NHL All-Star Suspensions

Ryan Senior Writer IJanuary 26, 2009


This past weekend, the NHL held it's annual All-Star festivities in Montreal, who is celebrating their centennial.

After a few notable names—such as Nicklas Lidstrom and Pavel Datsyuk of the Detroit Red Wings—opted out of the events all together, the mandate came down from the NHL offices that anyone skipping the event would be suspended for either the game before or the game after the All-Star weekend.

I, for one, applaud the move.

The uproar, it seems, is that both were injured and are being "unfairly" punished. That's all fine and well if the NHL demanded they play, but that's not the case. The NHL simply wants them to show up, sign some autographs, shake some hands, and just interact with fans. What is so stressful about that?

Not to mention the fact that, if these players were hurt so badly, they probably would have missed a game or two around this point anyway.

It is the duty of the players selected to not only represent their teams, but the league as well. How does it make the NHL and the Red Wings look that Datsyuk and Lidstrom decided the All-Star events weren't important enough to go? How will the sponsors feel when stars fail to show?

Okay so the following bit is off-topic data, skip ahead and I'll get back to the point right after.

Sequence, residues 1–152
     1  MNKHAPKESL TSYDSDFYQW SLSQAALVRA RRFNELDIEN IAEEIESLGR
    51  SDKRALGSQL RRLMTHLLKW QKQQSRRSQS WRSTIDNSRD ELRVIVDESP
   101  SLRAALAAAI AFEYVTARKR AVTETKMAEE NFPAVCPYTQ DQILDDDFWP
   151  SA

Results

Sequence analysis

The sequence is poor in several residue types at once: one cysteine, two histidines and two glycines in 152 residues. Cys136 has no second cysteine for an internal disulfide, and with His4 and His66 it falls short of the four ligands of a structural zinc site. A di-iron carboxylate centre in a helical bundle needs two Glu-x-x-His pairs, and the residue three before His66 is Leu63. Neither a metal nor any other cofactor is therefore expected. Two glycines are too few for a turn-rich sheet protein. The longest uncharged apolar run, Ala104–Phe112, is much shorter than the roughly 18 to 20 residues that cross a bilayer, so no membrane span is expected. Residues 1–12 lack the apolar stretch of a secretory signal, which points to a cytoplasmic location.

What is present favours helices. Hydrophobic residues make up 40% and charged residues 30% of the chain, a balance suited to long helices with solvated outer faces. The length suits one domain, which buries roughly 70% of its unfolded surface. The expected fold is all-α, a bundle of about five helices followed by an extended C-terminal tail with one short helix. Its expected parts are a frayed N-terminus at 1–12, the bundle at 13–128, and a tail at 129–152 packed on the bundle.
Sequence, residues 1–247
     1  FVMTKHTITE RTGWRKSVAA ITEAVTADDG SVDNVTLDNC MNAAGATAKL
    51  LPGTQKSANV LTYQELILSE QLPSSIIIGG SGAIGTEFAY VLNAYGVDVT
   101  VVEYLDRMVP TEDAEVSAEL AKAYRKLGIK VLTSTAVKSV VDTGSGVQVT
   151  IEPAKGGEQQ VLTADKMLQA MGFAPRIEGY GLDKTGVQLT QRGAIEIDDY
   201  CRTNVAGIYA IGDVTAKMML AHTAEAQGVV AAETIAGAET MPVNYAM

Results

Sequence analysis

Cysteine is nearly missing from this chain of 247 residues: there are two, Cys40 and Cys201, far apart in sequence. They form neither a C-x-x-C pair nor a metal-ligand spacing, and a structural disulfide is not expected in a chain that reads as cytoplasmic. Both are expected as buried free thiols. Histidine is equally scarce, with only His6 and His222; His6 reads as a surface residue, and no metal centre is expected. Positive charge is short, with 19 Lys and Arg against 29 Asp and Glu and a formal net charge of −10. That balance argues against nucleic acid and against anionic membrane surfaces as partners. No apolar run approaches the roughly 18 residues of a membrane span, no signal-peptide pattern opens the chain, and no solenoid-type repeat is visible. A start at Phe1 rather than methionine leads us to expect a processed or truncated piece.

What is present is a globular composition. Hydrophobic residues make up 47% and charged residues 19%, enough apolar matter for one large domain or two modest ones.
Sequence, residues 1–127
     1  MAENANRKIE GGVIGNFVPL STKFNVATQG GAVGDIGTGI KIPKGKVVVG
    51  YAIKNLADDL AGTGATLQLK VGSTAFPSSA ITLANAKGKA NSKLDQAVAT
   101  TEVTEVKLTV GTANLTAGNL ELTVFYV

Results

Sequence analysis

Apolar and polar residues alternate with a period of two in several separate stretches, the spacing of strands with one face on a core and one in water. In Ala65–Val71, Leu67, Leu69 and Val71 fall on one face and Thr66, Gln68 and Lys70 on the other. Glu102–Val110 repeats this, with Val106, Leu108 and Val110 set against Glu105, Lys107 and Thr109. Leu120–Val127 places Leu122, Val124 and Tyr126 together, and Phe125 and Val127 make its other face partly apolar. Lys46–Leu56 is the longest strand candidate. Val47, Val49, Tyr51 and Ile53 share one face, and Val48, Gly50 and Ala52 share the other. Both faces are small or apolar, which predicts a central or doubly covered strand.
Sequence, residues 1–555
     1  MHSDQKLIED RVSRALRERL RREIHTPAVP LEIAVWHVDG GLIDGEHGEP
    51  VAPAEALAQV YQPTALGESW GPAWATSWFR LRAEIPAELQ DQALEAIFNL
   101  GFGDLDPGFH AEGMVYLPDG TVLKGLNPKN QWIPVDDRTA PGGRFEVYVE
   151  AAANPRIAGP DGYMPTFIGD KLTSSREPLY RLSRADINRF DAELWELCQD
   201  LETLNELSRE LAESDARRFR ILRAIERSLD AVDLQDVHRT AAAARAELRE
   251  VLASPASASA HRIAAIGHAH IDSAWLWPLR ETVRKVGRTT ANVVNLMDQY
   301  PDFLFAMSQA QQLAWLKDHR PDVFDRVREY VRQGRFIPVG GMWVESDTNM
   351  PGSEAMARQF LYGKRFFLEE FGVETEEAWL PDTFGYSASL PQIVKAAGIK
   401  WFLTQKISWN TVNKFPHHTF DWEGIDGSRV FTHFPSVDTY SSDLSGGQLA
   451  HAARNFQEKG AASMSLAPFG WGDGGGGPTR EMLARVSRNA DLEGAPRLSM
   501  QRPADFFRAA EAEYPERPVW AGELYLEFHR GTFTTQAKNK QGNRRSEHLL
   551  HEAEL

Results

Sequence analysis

The only complaint that I find realistic is the suddenness of the move. It came out of left field and quite swiftly. A warning, starting suspensions next year, would have been more fitting, but the message got across.

It's all very simple: as players, you are paid to represent yourself, your team, and the league. If they can't find the effort and attitude to even attend the events to interact with the fans and give the sponsors the star power they crave, then perhaps these players aren't the All-Stars we make them out to be.

For once, I applaud the NHL brass. It's a rare move in the right direction.